Manet’s Olympia Study (1862-63)

This exquisite drawing by the thirty-year old Edouard Manet is an initial study for his 1863 masterpiece Olympia. It must have been a very early idea because there are many differences: a leg is raised, the arm is fully bent and the torso is not twisted to face us. Nor do the head and shoulders appear to be those of Victorine Meurend, the final model.

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Captions for image(s) above:

Manet, Study for Olympia (1862-3) Sanguine on paper. Bibliothèque Nationale de France, Paris, 22.5 x 30cm.

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Nevertheless, Manet was already thinking of himself as the model. In French toes are "fingers of the foot", doigts de pied, thus enabling their use as a symbol for the artist's hand. I have shown elsewhere how hands and fingers in art often refer to the painter's own hand. Here, though, Olympia's feet look normal. What, then, do I see that others have not?

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Captions for image(s) above:

Detail of Manet's Study for Olympia (1862-3)

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Her toes spell M for Manet identifying her as an alter ego. Manet formed them so deliberately that she only has four. Now that the self-reference in the study is known, it may be easier to see how Olympia's entire conception is based on Manet looking inwards, not out. She is not a prostitute other than by inference; she is "Manet's androgynous mind" relaxing after conceiving.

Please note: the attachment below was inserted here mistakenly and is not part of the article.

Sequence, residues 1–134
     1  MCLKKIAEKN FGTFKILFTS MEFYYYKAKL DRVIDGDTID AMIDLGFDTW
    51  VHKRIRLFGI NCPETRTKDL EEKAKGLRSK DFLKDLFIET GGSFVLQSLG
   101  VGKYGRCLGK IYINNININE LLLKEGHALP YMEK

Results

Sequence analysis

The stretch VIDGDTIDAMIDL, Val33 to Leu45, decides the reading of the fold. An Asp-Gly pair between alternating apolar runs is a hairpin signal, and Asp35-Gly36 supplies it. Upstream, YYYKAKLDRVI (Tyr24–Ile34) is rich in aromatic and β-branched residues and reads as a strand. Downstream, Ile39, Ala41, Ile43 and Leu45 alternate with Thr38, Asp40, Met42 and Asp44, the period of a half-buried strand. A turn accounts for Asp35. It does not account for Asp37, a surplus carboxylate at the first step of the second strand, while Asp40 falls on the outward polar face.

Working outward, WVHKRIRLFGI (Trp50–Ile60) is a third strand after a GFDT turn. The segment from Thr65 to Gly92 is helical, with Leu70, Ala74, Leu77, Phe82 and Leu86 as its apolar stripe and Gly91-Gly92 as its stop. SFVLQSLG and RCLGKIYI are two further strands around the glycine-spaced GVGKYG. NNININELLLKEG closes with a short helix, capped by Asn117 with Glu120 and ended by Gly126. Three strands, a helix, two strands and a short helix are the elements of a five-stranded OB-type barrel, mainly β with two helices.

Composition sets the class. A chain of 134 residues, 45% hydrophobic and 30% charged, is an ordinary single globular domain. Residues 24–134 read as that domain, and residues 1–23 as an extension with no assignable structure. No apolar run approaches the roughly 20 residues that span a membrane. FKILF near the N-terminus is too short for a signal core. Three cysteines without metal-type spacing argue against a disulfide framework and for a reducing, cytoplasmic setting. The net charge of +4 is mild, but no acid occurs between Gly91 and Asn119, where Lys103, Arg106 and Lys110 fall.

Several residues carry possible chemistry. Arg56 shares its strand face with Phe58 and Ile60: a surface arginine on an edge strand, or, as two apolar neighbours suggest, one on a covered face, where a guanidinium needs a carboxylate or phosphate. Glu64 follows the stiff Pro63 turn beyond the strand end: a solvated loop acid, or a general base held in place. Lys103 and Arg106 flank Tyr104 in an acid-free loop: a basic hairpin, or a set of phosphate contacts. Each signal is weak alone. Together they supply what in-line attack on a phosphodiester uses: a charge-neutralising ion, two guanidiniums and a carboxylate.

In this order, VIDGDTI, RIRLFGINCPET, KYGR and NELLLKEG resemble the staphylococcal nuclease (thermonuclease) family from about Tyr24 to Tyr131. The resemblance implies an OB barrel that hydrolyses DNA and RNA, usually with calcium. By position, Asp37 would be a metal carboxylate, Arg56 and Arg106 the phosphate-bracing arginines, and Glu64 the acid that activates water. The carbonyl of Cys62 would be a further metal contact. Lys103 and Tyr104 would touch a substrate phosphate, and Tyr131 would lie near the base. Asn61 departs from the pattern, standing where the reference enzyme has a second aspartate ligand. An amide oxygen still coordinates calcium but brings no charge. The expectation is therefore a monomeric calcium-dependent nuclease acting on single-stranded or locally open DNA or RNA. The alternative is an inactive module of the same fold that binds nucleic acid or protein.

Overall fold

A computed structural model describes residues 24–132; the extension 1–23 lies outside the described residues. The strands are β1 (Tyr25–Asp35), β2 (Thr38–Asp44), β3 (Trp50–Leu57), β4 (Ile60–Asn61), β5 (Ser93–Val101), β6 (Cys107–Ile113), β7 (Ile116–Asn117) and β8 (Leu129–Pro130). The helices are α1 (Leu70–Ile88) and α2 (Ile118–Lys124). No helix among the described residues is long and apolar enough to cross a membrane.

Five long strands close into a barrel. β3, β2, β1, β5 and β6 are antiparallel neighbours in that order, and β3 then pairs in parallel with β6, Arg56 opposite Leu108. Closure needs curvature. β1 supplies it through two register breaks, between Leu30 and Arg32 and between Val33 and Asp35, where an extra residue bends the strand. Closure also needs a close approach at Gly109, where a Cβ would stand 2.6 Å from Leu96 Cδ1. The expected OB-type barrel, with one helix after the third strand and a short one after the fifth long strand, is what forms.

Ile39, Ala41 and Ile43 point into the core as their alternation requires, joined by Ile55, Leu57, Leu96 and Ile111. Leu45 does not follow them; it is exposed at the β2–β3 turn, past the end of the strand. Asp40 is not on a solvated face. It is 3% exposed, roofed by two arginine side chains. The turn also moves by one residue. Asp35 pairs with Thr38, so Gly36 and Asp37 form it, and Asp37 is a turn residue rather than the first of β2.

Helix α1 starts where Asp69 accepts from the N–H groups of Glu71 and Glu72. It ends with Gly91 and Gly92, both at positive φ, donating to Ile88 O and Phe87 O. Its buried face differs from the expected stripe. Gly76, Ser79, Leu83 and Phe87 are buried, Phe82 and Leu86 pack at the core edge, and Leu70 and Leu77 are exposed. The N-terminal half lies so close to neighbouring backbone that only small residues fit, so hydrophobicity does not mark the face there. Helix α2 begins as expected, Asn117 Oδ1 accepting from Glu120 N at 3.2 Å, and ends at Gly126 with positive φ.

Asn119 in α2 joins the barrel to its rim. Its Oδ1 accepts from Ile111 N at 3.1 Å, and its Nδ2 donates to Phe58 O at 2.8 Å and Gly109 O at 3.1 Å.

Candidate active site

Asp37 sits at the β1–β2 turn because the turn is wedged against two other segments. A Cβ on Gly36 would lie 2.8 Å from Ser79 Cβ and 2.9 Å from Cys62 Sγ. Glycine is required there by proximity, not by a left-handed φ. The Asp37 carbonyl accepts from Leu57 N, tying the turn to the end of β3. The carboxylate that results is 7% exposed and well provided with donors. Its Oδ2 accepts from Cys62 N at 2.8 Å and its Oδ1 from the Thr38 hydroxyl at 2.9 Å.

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Captions for image(s) above:

Diagram of preceeding image, a detail of Manet's Study for Olympia

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In the finished picture Olympia's nearest foot wears a satin mule hiding those toes and their significance. Perhaps that's why Manet added the cat just beyond her feet and formed its legs into the letter M instead.

For a more complete analysis of the finished Olympia, click here.
 

Captions for image(s) above:

L: Detail of Manet's Olympia (1863)
R: Diagram of detail

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Notes:

Original Publication Date on EPPH: 09 Jan 2013. © Simon Abrahams. Articles on this site are the copyright of Simon Abrahams. To use copyrighted material in print or other media for purposes beyond 'fair use', you must obtain permission from the copyright owner. Websites may link to this page without permission (please do) but may not reproduce the material on their own site without crediting Simon Abrahams and EPPH.